Growth Factor Activates Stem Cells and Regenerates Insulin-producing Cells

Diabetes Research Institute scientists found that BMP-7 mobilizes pancreatic stem-like cells to become new, insulin-producing cells.

Using a groundbreaking method to culture live sections of the pancreas for nearly two weeks, scientists from the Diabetes Research Institute (DRI) at the University of Miami Miller School of Medicine have charted the first dynamic single-cell map of the pancreas’ regenerative pathways.

The results, published in the journal Cell Metabolism, indicate that a growth factor termed BMP-7 fuels pancreatic stem-like cells (progenitors), mobilizing them from the ducts where they reside and pushing them to become new insulin-producing cells (islet beta cells). 

Researchers Work with Live Pancreas Sections

Pancreatic slices are thin, live sections that preserve the cellular architecture and cell-to-cell interactions of the native organ. DRI scientists had previously fashioned the conditions to culture them long-term, enabling the study of the organ’s regenerative ability in real time.

Juan Domínguez-Bendala, Ph.D., in his laboratory
Study principal investigator Juan Domínguez-Bendala, Ph.D., and team found that progenitor cells can regenerate islet beta cells.

This study goes one step further by applying a technology (single-cell RNA sequencing, or scRNA-seq) that allows for the sequencing of thousands of genes that are expressed in each cell that comprise a slice. Sequencing slices at different time points, in the presence or absence of BMP-7, led to the first-ever dynamic analysis of pancreatic regeneration.

“This analysis takes the shape of single-cell maps where different cell types are grouped into continents and countries,” said Juan Domínguez-Bendala, Ph.D., professor of surgery, director of the Pancreatic Regeneration and Stem Cell laboratory, and principal investigator of this work. “scRNA-seq analyses had previously suggested that progenitors may be able to become insulin-producing cells, but it was nothing more than a prediction. Looking at how single-cell maps of pancreatic slices from the same donor evolve with time, with or without BMP-7, took out all the guesswork and confirmed that progenitor cells do leave their country and ‘migrate across the ocean’ to regenerate islet beta cells elsewhere.”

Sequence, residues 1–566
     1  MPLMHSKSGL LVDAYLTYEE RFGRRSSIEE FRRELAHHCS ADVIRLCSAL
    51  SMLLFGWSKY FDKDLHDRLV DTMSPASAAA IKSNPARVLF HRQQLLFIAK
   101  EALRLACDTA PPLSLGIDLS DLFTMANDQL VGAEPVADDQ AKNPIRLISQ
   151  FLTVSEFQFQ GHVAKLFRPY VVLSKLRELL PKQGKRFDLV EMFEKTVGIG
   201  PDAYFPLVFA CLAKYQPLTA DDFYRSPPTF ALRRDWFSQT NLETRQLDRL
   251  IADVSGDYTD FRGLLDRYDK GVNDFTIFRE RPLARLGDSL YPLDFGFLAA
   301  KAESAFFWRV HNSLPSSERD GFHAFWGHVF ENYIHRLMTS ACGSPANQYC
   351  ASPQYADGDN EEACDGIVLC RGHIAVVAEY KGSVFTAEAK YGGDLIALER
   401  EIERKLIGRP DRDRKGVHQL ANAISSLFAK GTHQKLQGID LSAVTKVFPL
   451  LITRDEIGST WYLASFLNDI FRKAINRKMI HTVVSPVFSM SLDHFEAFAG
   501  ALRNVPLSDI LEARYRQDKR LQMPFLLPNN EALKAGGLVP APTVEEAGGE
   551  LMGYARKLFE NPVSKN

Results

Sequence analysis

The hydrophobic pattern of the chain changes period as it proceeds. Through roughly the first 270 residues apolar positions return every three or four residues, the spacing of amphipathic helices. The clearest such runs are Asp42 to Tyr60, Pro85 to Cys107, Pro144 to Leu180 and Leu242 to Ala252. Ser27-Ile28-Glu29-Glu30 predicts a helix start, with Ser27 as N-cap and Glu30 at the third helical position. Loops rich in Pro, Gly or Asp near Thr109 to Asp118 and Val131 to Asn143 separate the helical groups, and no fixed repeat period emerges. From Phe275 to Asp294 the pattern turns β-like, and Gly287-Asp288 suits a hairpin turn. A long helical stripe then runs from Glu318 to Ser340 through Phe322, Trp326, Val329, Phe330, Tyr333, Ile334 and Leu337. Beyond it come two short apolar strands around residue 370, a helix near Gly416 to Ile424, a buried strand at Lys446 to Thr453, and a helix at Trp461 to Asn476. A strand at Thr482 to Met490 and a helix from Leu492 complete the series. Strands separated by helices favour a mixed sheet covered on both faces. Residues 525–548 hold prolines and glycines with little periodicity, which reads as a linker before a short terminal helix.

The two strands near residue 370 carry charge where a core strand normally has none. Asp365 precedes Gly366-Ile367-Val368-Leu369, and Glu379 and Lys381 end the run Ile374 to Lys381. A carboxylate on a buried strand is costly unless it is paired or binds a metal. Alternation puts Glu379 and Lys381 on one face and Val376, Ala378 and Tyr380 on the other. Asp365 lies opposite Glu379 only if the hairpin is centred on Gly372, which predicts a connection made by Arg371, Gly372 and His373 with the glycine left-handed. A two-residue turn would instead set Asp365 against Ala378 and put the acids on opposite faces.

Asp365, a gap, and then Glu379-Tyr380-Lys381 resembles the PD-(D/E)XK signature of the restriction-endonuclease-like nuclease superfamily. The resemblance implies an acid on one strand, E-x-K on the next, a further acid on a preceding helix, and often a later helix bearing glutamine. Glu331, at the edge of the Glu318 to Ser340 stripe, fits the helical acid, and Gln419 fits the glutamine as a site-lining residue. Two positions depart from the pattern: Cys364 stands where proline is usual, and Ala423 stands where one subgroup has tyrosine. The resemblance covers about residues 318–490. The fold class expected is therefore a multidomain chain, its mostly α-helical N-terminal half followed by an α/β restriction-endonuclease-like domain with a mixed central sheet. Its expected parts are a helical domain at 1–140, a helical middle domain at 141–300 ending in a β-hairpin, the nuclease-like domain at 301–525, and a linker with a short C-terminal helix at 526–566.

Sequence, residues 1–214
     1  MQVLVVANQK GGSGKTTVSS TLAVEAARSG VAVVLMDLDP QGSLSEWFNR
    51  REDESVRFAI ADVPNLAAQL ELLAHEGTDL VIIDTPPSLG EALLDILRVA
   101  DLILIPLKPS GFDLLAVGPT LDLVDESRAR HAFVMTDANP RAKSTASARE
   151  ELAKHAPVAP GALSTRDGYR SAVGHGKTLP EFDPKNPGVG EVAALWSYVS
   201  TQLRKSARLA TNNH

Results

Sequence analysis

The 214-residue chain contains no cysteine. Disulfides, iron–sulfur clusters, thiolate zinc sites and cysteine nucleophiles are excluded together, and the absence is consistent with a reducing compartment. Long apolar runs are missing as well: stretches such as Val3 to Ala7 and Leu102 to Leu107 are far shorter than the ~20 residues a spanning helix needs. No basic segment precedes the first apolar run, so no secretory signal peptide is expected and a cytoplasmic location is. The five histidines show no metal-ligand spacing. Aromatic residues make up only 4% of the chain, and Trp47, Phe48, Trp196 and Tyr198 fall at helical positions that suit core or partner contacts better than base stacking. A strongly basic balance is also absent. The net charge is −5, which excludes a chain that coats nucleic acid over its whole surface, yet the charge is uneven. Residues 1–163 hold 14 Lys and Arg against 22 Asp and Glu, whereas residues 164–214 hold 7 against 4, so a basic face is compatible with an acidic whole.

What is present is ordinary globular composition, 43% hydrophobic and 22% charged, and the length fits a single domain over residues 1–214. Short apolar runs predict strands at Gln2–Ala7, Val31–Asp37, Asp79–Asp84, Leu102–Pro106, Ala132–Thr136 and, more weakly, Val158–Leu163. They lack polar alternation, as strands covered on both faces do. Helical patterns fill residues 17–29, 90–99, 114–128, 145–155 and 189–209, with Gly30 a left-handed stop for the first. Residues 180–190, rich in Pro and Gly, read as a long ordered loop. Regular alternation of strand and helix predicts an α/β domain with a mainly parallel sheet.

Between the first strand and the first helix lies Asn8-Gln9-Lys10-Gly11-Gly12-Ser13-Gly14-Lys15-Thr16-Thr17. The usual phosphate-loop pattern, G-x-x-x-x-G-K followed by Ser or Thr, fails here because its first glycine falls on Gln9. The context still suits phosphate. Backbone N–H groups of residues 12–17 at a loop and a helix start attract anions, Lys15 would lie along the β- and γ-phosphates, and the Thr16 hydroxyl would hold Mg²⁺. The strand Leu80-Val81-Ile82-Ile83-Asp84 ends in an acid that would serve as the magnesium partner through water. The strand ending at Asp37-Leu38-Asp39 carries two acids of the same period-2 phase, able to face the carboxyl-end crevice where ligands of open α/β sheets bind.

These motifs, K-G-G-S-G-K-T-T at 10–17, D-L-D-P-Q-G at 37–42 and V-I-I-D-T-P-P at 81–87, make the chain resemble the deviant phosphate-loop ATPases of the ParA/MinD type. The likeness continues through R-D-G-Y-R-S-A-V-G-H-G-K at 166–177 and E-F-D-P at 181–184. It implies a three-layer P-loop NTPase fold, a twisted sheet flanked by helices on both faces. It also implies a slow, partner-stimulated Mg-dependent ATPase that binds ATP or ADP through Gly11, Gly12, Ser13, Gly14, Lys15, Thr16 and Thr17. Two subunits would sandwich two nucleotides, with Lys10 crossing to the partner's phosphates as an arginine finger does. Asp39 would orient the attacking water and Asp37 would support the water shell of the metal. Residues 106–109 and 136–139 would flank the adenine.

Catalyzing Pancreas Regeneration

The pancreas has a surprising repertoire of mechanisms to replenish damaged cells, ranging from the duplication of pre-existing cells to the conversion of some cell types into others as they are needed.

The DRI research suggests that BMP-7 taps into the reactivation of the very program that gave rise to the pancreas during embryonic development. But this wasn’t enough for the DRI investigators.

“What good would our discovery be if this regeneration mechanism is disabled in patients with type 1 diabetes?” asked Ricardo Pastori, Ph.D., professor of medicine, immunology, and microbiology, director of the Molecular Biology Laboratory, and co-principal investigator of this study.

Investigating BMP-7 for Patients with Type 1 Diabetes

To investigate whether this is the case, the Network of Pancreatic Organ Donors with Diabetes (nPOD) sent their most precious samples: live pancreatic slices from donors with type 1 diabetes.

Juan Dominguez-Bendala, Ph.D., at the microscope, and Ricardo Pastori, Ph.D., looking on.
Juan Dominguez-Bendala, Ph.D. (at the microscope), and Ricardo Pastori, Ph.D., found that BMP signaling remained intact for patients with type 1 diabetes.

Using a novel strategy during which slices are infected with viruses that can tag live, insulin-producing cells as they appear, the researchers showed that BMP-7-like molecules were able to induce the formation of new beta cells with the ability to secrete insulin in response to glucose stimulation.

“This is the true measure of beta cell functionality, and our results confirm that the regeneration pathways activated by BMP signaling remain intact in patients with type 1 diabetes,” said Dr. Pastori. 

“We have cured diabetes in dozens of different ways in mice and none have worked in humans so far, so it is understandable that some people may be desensitized to the impact of some of these advances,” added Dr. Domínguez-Bendala. “But to bring back the beta cells in a real, live piece of the pancreas of a donor with type 1 diabetes? It doesn’t get much more promising than that.”

These findings will be the basis for the development of pharmacological interventions to harness and speed up the natural ability of the pancreas to restore its own beta cells, bringing new hope to millions of patients with type 1 diabetes.

Tags: diabetes, Diabetes Research Institute, Dr. Juan Dominguez-Bendala, Ricardo Pastori